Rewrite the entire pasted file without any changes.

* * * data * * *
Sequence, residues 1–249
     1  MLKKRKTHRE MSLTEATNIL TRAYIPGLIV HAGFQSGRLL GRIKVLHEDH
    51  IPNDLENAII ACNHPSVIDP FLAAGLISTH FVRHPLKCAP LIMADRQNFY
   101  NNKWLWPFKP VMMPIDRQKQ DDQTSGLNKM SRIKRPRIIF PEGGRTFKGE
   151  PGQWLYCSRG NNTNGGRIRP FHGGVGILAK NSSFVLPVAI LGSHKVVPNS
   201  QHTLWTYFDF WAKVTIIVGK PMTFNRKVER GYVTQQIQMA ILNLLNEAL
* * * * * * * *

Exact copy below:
Sequence, residues 1–249
     1  MLKKRKTHRE MSLTEATNIL TRAYIPGLIV HAGFQSGRLL GRIKVLHEDH
    51  IPNDLENAII ACNHPSVIDP FLAAGLISTH FVRHPLKCAP LIMADRQNFY
   101  NNKWLWPFKP VMMPIDRQKQ DDQTSGLNKM SRIKRPRIIF PEGGRTFKGE
   151  PGQWLYCSRG NNTNGGRIRP FHGGVGILAK NSSFVLPVAI LGSHKVVPNS
   201  QHTLWTYFDF WAKVTIIVGK PMTFNRKVER GYVTQQIQMA ILNLLNEAL